The Pianist Reviews
What a superb film! Adrien Brody in arguably his best role ever as an actor and proudly so he did win Best Actor Award in the 2002 Oscar's. The story is quite amazing and unique which made it all together a excellent film. The Pianist is bound to garner comparisons to Schindler's List, for obvious reasons. However similar the subject matter, the approach is different. While Schindler's List was filmed in a beautiful, crisp black and white that offered many incredible images, The Pianist was filmed with almost muted color. Schindler's List featured what has been argued as a complicated hero. Oskar Schindler did save many Jews, but not without battling his own materialistic demons first. The Pianist's Szpilman is a sympathetic character throughout. His plight was desperate, and the demons he fought were over his own guilt in surviving a fight that eventually turns into a primal will to live.
The true story of Wladyslaw Szpilman who, in the 1930s, was known as the most accomplished piano player in all of Poland, if not Europe. At the outbreak of the Second World War, however, Szpilman becomes subject to the anti-Jewish laws imposed by the conquering Germans. By the start of the 1940s, Szpilman has seen his world go from piano concert halls to the Jewish Ghetto of Warsaw and then must suffer the tragedy of his family deported to a German concentration camps, while Szpilman is conscripted into a forced German Labor Compound. At last deciding to escape, Szpilman goes into hiding as a Jewish refugee where he is witness to the Warsaw Ghetto Uprising (April 19, 1943 - May 16, 1943) and the Warsaw Uprising (1 August to 2 October 1944)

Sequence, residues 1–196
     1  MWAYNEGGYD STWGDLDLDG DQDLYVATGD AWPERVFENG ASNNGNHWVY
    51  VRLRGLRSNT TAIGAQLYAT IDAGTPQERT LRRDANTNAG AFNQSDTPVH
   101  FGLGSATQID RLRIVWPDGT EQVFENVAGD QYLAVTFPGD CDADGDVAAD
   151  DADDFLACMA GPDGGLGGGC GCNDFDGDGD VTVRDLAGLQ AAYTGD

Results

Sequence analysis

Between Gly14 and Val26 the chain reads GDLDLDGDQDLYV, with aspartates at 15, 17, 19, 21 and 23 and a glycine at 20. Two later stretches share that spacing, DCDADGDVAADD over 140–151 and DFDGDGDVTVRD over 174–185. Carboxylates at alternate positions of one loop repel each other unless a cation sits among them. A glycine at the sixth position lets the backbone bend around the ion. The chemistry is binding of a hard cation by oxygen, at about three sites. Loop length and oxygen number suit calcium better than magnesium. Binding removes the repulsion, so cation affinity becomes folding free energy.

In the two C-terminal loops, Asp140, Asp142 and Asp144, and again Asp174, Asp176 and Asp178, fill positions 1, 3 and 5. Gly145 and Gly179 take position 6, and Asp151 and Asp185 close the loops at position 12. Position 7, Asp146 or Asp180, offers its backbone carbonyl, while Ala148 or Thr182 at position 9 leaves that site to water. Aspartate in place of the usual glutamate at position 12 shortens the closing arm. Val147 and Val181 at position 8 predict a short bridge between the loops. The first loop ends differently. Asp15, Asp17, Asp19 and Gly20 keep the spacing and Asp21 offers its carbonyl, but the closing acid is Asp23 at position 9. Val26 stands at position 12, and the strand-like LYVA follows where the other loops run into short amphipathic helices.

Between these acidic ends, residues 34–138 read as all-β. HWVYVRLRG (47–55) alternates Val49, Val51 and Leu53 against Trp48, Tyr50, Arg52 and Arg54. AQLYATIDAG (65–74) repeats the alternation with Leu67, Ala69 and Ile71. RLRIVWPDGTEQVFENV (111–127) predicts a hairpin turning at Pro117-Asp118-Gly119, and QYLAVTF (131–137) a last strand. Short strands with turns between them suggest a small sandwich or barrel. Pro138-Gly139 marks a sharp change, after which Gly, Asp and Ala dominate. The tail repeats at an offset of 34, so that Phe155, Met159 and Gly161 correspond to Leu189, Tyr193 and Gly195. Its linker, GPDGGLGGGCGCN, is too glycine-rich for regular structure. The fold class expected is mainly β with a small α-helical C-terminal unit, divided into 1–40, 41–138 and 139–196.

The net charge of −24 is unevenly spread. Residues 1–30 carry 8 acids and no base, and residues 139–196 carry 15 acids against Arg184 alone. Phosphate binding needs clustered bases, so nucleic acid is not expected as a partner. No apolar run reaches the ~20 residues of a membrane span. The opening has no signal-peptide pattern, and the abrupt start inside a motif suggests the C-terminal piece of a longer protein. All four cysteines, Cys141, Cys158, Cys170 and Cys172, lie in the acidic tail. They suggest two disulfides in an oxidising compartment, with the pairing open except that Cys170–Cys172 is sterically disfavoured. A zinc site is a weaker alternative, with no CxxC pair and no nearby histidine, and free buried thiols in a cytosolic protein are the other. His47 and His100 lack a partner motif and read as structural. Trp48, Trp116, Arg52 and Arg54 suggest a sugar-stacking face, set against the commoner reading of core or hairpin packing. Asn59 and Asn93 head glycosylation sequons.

Roman Polanski's The Pianist is a true story based on the Holocaust. Wladyslaw Szpilman (Adrien Brody in his Oscar winning role) is a pianist and also a Jew in Poland. When Germany invades Poland his life, along with his families, go through disastrous times. You watch as they are pushed into Jew districts, ghettos and finally concentration camps. But a Jewish police officer, and a good friend, saves Wladyslaw from entering the trains to the camps and has no choice but to leave his family behind.
What The Pianist does, that other Holocaust and other genocide films don't, is not rely on blood and violence to keep its audience awake. While you see acts of genocide occur (i.e. running over Jewish wounded on the street), the film is strictly from Wladyslaw Szpilman's view. You watch as he moves from apartment to apartment, hiding upon the men and women who will recognize him as a Jew, and survive upon the good comings of citizens that give him food and water. In some scenes of the film, you will see Szpilman playing the piano without hitting the keys. He uses his imagination to play the piano that soothes his mind from all the horrors he has been through.
What The Pianist does so well is actually show Jews fighting back against the Germans. You will see guns being thrown over the brick wall that separates the ghettos from the town and later mini attacks occur. It actually gives the movie some hope. It shows that the Jews will fight back and won't die without a fight.
Adrien Brody gives a strong performance in this film. He truly fits the part. He wasn't a hot actor but more of an actor trying to show his talents to the world and he succeeded. The movie needed a performance that would keep the audience into the film and Mr. Brody did it and, as I said before, won an Academy Award for this role.
Roman Polanski, in his Oscar winning direction, shows a different side to the Holocaust history that is both refreshing and dramatic. The film doesn't have to rely on intense violence and truly succeeds. The Pianist is a fantastic film and well worthy of a Best Picture nomination.
The Pianist won 3 Academy Awards including: Best Director, Best Actor and Best Adapted Screenplay.